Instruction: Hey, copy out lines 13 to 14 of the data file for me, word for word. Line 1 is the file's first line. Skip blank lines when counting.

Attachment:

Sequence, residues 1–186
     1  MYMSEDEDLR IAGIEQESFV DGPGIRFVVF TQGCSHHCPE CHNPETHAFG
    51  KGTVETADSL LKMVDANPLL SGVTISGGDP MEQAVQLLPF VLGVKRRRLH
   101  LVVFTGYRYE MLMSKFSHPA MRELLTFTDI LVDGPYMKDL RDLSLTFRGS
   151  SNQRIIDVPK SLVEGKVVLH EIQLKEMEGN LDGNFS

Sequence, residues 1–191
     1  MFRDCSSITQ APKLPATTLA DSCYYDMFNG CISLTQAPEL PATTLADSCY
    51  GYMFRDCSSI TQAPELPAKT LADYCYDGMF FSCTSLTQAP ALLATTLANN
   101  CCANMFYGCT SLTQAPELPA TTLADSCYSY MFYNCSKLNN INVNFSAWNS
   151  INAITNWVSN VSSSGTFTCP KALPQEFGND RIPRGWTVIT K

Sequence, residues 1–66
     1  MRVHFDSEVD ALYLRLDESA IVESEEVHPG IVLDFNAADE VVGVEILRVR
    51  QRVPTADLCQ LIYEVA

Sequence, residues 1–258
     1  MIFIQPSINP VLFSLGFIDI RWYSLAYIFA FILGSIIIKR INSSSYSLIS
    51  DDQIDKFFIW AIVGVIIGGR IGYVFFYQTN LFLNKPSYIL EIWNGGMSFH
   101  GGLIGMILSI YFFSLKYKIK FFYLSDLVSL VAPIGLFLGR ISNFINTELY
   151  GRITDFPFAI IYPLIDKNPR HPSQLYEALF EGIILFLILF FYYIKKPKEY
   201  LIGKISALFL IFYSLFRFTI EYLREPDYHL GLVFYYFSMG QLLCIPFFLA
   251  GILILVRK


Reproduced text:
    51  QRVPTADLCQ LIYEVA

Sequence, residues 1–258